The funeral procession for Roki led up the mountain to the burial site.
The funeral procession for Roki led up the mountain to the burial site. Ofeibea Quist-Arcton/NPR
Mourners pay respect at the coffin of Tendai Roki, who died from cholera.
Mourners pay respect at the coffin of Tendai Roki, who died from cholera. Ofeibea Quist-Arcton/NPR
Roki, who worked as a driver in South Africa, died of Cholera. He was buried in Goromonzi, Zimbabwe.
Roki, who worked as a driver in South Africa, died of Cholera. He was buried in Goromonzi, Zimbabwe. Ofeibea Quist-Arcton/NPR
As a cholera outbreak grips Zimbabwe, the government has declared a national emergency — even though just last week, the deputy health minister said the situation was under control.
The disease is symptomatic of the general collapse of infrastructure and services in Zimbabwe, including the breakdown of its public health system. The United Nations has reported close to 600 deaths and almost 13,000 people infected with cholera, which has spread across Zimbabwe's borders.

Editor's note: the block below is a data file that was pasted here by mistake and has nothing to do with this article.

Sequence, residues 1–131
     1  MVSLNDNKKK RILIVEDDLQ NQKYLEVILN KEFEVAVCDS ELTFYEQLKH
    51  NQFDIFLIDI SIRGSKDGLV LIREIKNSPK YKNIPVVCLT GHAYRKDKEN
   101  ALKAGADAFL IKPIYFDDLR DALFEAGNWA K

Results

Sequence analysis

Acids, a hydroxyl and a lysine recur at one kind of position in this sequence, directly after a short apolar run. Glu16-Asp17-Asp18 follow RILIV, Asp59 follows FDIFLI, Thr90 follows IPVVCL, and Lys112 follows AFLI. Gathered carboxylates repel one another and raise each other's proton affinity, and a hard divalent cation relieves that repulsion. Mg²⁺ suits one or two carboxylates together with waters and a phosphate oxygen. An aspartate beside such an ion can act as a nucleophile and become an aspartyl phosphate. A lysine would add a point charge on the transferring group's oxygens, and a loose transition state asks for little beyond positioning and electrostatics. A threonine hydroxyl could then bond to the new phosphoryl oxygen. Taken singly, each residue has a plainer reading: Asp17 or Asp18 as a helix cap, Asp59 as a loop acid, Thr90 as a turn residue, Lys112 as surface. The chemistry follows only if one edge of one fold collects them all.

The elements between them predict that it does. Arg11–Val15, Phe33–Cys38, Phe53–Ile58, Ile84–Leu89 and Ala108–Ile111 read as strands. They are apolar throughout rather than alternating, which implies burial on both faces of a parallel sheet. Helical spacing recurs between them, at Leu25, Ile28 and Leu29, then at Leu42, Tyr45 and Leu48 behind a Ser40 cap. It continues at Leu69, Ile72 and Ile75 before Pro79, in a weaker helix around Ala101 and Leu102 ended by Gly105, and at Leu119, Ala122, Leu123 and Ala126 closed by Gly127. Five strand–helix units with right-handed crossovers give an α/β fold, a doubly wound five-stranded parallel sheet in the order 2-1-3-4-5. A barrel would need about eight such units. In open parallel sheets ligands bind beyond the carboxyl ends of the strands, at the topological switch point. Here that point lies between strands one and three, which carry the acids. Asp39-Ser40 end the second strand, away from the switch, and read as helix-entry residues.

One of the dead was Tendai Roki, 29, the breadwinner for his family. The anguished wailing of his young widow rises above plaintive voices as his funeral procession winds its way slowly up a mountain path. The mourners are heading toward a spot high on the hill, shaded by matamba trees and giant boulders — it's a burial ground for this community near Goromonzi.
Roki worked as a driver in South Africa, but was back home in Zimbabwe visiting his wife, Prisca, and their 6-year-old daughter. His mother-in-law, Winnie Umire, said Roki had been in the capital Harare for only a couple of days when tragedy struck.